Long term Outcomes for Laparoscopic Bariatric Procedures in the Super-Super Obese (BMI > 60kg/m2): A Retrospective Review.

Sharique Nazir, MD, Laurence Diggs, BA, Alex Bulanov, MS, George Ferzli, MD, FACS. Lutheran Medical Center

Background:

Obesity is associated with serious comorbidities. Only bariatric surgery has been proven to definitively treat this condition. Our focus here is the management of the super-super obese (SSO) whose Body Mass Index (kg/m2) is defined as greater than 60. Bariatric surgery is not commonly undertaken in this group due to perceived increased operative risks including higher incidence of comorbidities and heightened technical challenges such as exposing visceral fat, retracting the fatty liver, strong torque applied to instruments, increased thickness of the abdominal wall and reduced ability to attain adequate peritoneal insufflation. Most sources recommend only bariatric surgeons with at least 50 cases attempt such procedures. Numerous studies report increased rates of complications, OR time and length of stay (LOS) when performing bariatric surgery on the SSO. Our goal was to evaluate the overall outcomes of laparoscopic bariatric surgeries performed on SSO patients at our institution.

Methods:

We selected SSO patients who underwent bariatric surgery between 2004 and 2013 at a 500 bed community hospital. A retrospective chart review was done on a total of 93 patients. We recorded the type of procedure, OR time, peri-operative complications, LOS, weight change and co-morbidity reduction. Success of the surgery was evaluated as the percentage of preoperative excess weight lost (i.e. the post-operative weight change divided by the difference between the preoperative weight and their ideal body weight as defined by a BMI of 22.5).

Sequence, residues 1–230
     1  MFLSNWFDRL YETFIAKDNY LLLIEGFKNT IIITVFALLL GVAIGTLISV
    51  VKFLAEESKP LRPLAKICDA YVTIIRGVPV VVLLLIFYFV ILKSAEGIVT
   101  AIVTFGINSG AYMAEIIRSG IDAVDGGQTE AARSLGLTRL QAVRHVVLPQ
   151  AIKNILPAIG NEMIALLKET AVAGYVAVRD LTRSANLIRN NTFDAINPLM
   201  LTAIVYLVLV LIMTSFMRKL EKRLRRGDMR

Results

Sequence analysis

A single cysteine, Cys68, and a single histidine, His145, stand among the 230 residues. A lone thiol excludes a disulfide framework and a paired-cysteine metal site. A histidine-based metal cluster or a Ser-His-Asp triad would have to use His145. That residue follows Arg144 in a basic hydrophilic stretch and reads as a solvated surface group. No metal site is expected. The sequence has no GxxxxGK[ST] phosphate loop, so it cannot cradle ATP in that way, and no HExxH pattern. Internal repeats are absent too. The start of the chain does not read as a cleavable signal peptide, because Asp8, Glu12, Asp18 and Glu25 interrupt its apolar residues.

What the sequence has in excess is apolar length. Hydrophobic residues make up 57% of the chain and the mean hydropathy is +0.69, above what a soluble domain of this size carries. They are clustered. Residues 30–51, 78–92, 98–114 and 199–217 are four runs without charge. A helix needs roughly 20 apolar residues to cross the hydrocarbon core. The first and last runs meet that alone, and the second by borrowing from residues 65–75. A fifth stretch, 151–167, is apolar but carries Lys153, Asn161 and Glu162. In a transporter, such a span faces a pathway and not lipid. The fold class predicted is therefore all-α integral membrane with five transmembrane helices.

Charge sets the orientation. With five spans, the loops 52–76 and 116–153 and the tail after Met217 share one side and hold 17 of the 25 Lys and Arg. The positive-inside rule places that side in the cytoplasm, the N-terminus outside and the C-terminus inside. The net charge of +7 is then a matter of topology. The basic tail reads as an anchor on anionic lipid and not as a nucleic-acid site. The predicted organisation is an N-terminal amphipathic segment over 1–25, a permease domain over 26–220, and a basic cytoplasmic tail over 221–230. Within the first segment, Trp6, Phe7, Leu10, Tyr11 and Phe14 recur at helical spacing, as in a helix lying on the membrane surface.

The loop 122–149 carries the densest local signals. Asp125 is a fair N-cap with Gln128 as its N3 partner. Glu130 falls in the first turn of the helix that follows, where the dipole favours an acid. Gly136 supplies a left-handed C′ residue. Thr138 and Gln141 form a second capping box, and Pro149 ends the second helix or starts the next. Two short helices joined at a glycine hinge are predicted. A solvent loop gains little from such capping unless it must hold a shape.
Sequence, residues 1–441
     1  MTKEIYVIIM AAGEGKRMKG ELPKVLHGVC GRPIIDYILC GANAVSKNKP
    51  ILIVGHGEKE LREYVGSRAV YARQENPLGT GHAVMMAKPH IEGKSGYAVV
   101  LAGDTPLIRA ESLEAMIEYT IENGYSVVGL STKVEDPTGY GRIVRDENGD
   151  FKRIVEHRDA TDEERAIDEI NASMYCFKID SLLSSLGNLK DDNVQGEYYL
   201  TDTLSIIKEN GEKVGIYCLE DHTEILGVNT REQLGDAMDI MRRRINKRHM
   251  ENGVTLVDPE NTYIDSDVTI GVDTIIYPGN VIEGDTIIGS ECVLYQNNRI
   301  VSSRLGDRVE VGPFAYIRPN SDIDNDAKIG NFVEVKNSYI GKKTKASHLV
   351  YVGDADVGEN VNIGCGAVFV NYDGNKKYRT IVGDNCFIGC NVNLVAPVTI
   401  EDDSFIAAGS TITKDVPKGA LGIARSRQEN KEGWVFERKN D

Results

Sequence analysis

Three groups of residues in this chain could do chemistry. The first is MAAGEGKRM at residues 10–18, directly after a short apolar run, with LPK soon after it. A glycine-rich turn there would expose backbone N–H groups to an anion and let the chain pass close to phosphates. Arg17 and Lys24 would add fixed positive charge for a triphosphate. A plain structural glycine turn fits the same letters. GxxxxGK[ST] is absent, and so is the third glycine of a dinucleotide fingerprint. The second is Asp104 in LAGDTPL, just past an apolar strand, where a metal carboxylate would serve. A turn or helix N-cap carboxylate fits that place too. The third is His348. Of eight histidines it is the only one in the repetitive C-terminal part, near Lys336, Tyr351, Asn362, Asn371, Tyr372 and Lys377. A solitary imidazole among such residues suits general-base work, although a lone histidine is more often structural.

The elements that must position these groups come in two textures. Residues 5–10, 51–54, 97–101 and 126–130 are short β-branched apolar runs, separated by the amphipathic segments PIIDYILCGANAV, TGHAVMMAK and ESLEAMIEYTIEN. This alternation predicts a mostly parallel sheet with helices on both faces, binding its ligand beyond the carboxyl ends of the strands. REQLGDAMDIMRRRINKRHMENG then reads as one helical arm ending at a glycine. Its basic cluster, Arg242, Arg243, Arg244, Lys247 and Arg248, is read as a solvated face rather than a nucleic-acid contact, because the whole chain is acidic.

Results:

40 men and 53 women with mean age of 38 years (18-62yrs) underwent laparoscopic bariatric surgery. 73 of the procedures were Roux-en-Y, 7 were sleeve gastrectomies and 13 were gastric bands. Mean preoperative weight was 188.2kg (141-356kg) with an associated BMI of 64 kg/m2 (60-83 kg/m2) whereas mean postoperative weight was 133.1kg (70-234kg) with an associated BMI of 46.5kg/m2 (26-68kg/m2). Overall mean %EWL at 1 year was 44% (5-100%) with 26% for the lap bands, 38% for sleeve gastrectomy, and 47% for RNY. Mean OR time and LOS were 112 minutes (35-325mins) and 67 hours (23-312hrs). No complications were associated with the surgeries and there were no in-hospital mortalities. We reviewed patient follow-ups at 6 months (42 patients), 12 months (43), 2 years (22), 3 years (11), 4 years (1), 5 years (2) and 6 years (1). Of those who had long-term follow-ups, 37% reported improvement in obstructive sleep apnea, 53% in diabetes mellitus, 50% in GERD, 28% in hypertension, 29% in asthma, 13% in hypercholesterolemia, and 6% in osteoarthritis.

Conclusions:

Laparoscopic bariatric surgery in the SSO is safe and effective when performed by experienced surgeons. It produces excellent outcomes with considerable excess weight loss and improvement of comorbidities with acceptable OR time and LOS. Further research must compare outcomes to those of the morbidly obese patients. For the SSO, medical assistance and life-style modification alone are often ineffective. We recommend that these individuals get a RNY procedure regardless of dietary habits (e.g. sugar intake) as it is more effective. Close follow-up and encouragement have been shown to improve outcomes.

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